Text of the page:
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The bigest risk of all

by Greg Carroll www.attitudefinance.com

 

 

In my profession I come into contact with a lot of different people, some who are struggling just to get by and some who are well on their way to building a substantial asset base and securing their financial future. The interesting thing to observe is that the people who do have a high net worth are not necessarily the people with the highest income. In fact in some cases it's the complete opposite, with some of these people are just above minimum wages.

 

Most of us have a perception that to get ahead we need a higher income - "Once I'm earning X amount then I'll be able to start building some wealth". The problem is people get to this higher amount, but then shift their lifestyle up to match it - a bigger house, more expensive furniture, the bigger television, more expensive car. So at the end of the day there is no more left in their bank account. And so their wealth plans never really get started.

 

Or the other one is that people say "We'll pay the house off first and then start investing". While this is great in theory, things tend to arise that push this time frame out - renovations, a new car, moving house. Before you know it another 5 or 6 years have passed and your plans haven't really progressed very far at all.

 

What I've noticed with the people who do get ahead is that they make a decision to do something and just get on with it. In other words they realize that the time to start their wealth building plans is now. Certainly they do their research and they get professional advice (which is critical), but ultimately they just make a decision to do something. I think the reason they do this is because they know if they take action today the benefits will return to them down the track. And delaying action is only delaying the inevitable returns.

 

Look at the share market for example. Certainly it has its peaks and troughs, but over time it has continued to move above its previous highs. If you had made the decision to buy BHP Billiton back in 2001 when everyone was leaving the market in droves you would have picked it up for around $9.80 a share. It's now sitting at around $30.43. Even within the last 12 months it has been as low as $15.52.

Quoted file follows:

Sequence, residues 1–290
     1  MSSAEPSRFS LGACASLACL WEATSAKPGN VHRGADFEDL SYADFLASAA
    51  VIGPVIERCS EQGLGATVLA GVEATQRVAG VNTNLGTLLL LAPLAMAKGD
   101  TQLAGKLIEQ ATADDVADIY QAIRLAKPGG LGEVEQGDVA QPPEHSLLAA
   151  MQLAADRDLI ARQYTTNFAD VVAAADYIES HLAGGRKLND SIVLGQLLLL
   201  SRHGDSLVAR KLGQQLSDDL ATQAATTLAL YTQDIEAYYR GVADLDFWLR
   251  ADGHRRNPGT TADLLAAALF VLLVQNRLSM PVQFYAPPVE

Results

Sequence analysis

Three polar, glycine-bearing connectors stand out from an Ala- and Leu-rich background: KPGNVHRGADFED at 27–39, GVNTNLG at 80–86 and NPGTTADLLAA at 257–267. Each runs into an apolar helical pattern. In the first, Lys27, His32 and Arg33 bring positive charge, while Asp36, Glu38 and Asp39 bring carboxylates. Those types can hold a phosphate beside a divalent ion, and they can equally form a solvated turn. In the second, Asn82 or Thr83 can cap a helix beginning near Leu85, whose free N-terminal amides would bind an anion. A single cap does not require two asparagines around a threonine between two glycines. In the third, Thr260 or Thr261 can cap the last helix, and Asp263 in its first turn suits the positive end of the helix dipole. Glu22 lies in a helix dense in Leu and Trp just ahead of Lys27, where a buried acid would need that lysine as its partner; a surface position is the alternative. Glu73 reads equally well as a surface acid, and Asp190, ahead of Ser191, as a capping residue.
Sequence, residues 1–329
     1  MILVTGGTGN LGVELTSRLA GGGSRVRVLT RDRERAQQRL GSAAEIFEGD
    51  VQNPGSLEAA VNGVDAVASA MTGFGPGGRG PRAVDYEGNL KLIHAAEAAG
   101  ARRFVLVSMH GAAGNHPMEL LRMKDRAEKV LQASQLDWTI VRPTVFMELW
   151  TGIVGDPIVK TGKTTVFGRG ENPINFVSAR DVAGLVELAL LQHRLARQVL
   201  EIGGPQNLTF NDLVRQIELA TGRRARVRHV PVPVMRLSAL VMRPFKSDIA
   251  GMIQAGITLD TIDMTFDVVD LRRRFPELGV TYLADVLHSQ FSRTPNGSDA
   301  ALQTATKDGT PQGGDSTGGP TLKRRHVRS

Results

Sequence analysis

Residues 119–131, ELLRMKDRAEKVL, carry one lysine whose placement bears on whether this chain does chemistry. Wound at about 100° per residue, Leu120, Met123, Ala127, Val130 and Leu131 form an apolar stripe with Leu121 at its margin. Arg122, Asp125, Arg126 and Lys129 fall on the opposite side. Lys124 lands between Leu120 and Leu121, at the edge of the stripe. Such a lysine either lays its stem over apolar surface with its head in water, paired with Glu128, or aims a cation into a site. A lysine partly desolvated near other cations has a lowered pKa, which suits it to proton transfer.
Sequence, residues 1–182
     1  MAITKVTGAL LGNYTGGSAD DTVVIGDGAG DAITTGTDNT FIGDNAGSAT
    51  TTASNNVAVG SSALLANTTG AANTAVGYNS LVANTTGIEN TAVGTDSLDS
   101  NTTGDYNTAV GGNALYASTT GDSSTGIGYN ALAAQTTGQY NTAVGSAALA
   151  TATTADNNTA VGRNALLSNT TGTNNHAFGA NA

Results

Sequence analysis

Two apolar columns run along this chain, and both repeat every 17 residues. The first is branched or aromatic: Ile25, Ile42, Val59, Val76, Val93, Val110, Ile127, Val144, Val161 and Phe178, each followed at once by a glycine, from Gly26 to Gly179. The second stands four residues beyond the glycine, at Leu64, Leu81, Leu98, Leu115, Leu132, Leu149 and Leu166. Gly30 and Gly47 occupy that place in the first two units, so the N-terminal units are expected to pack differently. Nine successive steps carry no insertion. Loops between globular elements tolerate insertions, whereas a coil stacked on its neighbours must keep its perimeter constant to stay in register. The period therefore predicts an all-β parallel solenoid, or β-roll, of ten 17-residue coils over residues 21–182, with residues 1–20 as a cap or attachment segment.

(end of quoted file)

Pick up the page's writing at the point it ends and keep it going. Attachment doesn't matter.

For the record I'm not promoting the share market as the only option. I am fortunate enough to hold BHP and other shares, and have also bought property so I'm not locked into a particular type of investment. Importantly before you undertake any investment strategy you should obtain independent advice to ensure the strategy is correct for your circumstances and risk profile.

 

In my experience the biggest risk you can take is to do nothing at all.

 

 

 

This information is provided in good faith but is not intended to be comprehensive and does not constitute advice. The above information is an example only and does not take into account market fluctuations or individuals specific circumstances. The ability to access the rates shown is dependent on individual circumstances and specific lenders policies. The Home Loan Spot accepts no responsibility or liability for anyone relying on this information.